Traditional Foods in School Meal Programs
Traditional foods, Indigenous foods, country foods, school meals, breakfast program, Indigenous food sovereignty
Related Course Concepts
Asset based community development, Indigenous food sovereignty
Mission and Vision of Organization
Breakfast Club of Canada is a Canada-wide non-profit that has worked for the last 25 years to provide nutritious breakfasts to students before class each morning. Our mission is to ensure that all students have access to a healthy breakfast in a safe, supportive environment so that they can do their best in school. Today, we support over 1,800 schools across Canada, serving breakfast to over 200,000 students each morning.
Guiding Principles + Values
We work to promote the core values of engagement, enrichment and empowerment, and we team up with communities and local partners to develop solutions adapted to their specific needs
- Primary Contact Person(s): Chelsey Hazelton
- Email: email@example.com
- Phone: 1 866 794-4900 # 3720
- Address: c/o 411-470 Granville Street, Van. BC
- Website: breakfastclubcanada.org
Preferred Method of Contact
- Best method(s) to contact: Email
- Best day(s) to contact: Mondays, Tuesdays, Wednesdays, Thursdays, Fridays
- Best time(s) to contact: Mornings, Afternoons
This project will identify tools, regulations, challenges, and best practices when considering the incorporation of traditional/country foods into Indigenous school food programs across Canada. Students will work to gather and organize information through online research pertaining to Indigenous food sovereignty including:
a) existing Indigenous food guides;
b) healthy traditional/country food recipes; and
c) examples of school food programs incorporating traditional/country foods into their programs, and associated challenges (regulatory, environmental, logistical) faced by schools when incorporating these foods.
Students will also engage in stakeholder mapping through outlining individuals/groups, regional/national organizations and Indigenous health authorities in all provinces and territories in Canada, excluding Quebec, who are actively working on Indigenous food sovereignty.
What challenge or issue does the project aim to address?
Breakfast Club of Canada will have access to an extensive body of research, including relevant resources about culturally appropriate foods, unique considerations when working with indigenous communities on food sovereignty initiatives, and up-to-date best practices in this field. Staff will also have a better understanding of the diverse stakeholder groups and the work they are doing in Indigenous food sovereignty.
Student Assets and Skills (preferred or required)
- Experience and/or knowledge of Indigenous communities.
- Experience synthesizing data using social science methods, including qualitative analysis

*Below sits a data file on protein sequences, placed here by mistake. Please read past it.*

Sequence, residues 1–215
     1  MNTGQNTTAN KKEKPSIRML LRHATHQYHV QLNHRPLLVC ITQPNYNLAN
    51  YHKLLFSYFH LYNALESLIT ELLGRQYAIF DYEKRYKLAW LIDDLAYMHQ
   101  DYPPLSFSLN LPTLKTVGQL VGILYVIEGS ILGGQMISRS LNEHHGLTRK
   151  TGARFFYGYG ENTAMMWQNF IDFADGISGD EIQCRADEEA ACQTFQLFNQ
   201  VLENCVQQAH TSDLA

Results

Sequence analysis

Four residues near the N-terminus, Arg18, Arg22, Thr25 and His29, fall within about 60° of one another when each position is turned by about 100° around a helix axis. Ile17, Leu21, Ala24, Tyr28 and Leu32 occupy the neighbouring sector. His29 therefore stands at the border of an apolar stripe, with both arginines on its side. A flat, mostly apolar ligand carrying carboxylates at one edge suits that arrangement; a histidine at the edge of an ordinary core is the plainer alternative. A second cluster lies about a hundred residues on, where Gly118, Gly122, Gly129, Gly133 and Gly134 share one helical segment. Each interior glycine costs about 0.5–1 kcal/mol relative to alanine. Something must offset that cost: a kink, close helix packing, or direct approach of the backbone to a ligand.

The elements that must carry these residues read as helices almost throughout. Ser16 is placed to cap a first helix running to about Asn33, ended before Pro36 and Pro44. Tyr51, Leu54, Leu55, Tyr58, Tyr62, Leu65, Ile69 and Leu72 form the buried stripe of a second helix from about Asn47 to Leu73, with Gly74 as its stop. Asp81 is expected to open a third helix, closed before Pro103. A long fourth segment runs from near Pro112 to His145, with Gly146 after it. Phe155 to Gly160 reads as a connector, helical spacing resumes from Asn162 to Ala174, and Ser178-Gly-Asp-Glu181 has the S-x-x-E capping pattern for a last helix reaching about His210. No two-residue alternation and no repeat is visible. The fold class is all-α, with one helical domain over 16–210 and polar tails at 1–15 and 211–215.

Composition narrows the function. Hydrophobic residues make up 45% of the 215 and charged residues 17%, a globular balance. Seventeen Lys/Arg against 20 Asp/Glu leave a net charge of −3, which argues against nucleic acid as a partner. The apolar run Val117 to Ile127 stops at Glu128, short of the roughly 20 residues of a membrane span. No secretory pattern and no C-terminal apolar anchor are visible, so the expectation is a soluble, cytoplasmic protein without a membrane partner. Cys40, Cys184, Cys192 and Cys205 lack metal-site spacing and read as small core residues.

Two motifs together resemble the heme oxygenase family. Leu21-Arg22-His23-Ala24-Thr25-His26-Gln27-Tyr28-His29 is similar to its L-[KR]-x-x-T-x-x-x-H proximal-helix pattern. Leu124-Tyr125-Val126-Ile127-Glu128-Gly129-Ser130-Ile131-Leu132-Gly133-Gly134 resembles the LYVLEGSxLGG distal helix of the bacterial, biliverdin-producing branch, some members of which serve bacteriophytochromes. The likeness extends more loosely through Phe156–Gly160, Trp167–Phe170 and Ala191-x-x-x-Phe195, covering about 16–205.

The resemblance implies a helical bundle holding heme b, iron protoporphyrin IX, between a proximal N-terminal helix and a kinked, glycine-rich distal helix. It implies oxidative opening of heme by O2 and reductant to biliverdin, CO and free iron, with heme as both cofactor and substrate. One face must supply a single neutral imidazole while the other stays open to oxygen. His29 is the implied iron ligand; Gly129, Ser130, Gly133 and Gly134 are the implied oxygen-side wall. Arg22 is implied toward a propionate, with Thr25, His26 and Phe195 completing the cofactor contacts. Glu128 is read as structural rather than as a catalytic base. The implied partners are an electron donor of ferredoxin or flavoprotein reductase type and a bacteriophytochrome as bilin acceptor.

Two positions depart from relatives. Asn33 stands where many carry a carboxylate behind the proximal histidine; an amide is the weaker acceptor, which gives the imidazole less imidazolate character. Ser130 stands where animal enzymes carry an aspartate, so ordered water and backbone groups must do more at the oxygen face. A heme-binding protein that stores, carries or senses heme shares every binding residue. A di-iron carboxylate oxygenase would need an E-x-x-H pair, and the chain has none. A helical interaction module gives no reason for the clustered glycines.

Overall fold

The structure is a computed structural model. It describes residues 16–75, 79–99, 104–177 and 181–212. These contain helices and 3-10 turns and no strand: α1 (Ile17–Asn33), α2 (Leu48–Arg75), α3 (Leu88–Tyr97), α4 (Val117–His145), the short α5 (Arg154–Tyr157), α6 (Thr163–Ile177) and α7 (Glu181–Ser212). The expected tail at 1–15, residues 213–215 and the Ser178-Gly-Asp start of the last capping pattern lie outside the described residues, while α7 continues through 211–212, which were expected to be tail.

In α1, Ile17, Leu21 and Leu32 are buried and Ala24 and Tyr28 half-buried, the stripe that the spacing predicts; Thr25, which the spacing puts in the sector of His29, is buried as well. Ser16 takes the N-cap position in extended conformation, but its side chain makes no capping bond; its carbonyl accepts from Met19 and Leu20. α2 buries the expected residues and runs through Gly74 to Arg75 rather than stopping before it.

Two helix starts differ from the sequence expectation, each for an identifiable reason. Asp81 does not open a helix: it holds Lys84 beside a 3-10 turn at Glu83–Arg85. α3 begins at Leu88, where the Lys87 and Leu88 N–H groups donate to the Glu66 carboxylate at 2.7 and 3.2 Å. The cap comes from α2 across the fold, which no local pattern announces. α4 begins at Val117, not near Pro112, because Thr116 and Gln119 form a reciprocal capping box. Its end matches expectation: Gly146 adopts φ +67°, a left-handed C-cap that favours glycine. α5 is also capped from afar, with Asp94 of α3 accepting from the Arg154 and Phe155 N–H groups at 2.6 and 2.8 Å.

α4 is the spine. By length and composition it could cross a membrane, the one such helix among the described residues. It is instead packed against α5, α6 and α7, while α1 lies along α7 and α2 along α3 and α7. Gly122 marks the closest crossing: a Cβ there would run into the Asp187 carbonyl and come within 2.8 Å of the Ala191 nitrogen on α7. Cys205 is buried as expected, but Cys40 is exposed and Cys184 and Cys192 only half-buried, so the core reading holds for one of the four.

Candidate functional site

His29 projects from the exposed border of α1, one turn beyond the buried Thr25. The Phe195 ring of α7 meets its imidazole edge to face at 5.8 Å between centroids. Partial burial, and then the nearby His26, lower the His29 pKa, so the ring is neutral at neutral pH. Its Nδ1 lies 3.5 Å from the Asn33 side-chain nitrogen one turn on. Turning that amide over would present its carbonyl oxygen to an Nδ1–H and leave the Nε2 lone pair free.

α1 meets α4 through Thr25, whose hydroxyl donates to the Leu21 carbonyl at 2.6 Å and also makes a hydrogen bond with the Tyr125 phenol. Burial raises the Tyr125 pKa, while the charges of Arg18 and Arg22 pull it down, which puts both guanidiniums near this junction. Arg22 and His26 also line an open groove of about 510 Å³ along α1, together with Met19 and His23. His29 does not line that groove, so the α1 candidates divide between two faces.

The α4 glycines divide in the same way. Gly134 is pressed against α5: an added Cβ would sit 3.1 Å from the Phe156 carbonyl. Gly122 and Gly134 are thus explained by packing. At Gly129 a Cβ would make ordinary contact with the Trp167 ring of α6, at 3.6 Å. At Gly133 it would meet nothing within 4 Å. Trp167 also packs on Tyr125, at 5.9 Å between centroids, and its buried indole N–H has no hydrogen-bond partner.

- Good written and oral communication skills
- Strong organizational skills
- Working knowledge of Microsoft Excel
Student Assets and Skills (to be developed through the project)
- Collaboration skills with teammates and the BCC staff
- Professional communication skills
- Time management
- Stakeholder mapping and analysis
Is a criminal record check required?
The majority of the work will be done remotely, with occasional meetings via Skype. Students will also have the opportunity to visit a local school’s breakfast program at the beginning of the term.
Preferred Days of Week and Hours
TBD by group members
Project/Partner Orientation Materials
Students should review these materials prior to the first partner meeting:
- About our organization
- First Nations Traditional Foods Fact Sheets
- Healthy Food Guidelines for First Nations Communities
- Elliot, B. et. al (2012). "We are not being heard": Aboriginal perspectives on traditional foods access and food security. Journal of Environmental and Public Health. http://dx.doi.org/10.1155/2012/130945
Additional Project/Partner Orientation Materials
The following will be provided at the first community partner meeting:
Related Community Service Opportunities for Students
Students will have the opportunity to visit a school breakfast program at the beginning of the term.
I hope students will learn about...
- School meal programs, youth education, Indigenous food sovereignty, public health, stakeholder mapping in a charitable organization setting.
I think students will come to appreciate...
- The knowledge they will gain about school meal programs and Indigenous food sovereignty in Canada.
Through this project, students will develop...
- An understanding of the work that goes into building a toolbox of resources that meets the needs of a culturally specific population.
Intended Short Term (Project) Outcome
- Indigenous schools will be have access to accessible resources for increasing the use of traditional/country foods in their breakfast programs.
- Coordinators will have the tools necessary to work on future community development projects specific to Indigenous food sovereignty.
Medium Term Outcomes
If the student project is part of a larger project at your organization, how will the students' work contribute to the goals of this larger project?
- Indigenous students will have greater access to culturally relevant, traditional/country foods in their breakfast programs
- Breakfast program coordinators will develop community development projects specific to Indigenous food sovereignty.
How does the student project contribute to your organization's mission and long-term vision?
This project will be invaluable in contributing to the Breakfast Club of Canada’s goals:
- We believe all children deserve an equal chance at success.
- We believe a child can not learn on an empty stomach.
- We believe a healthy breakfast can change a life, a journey, a society.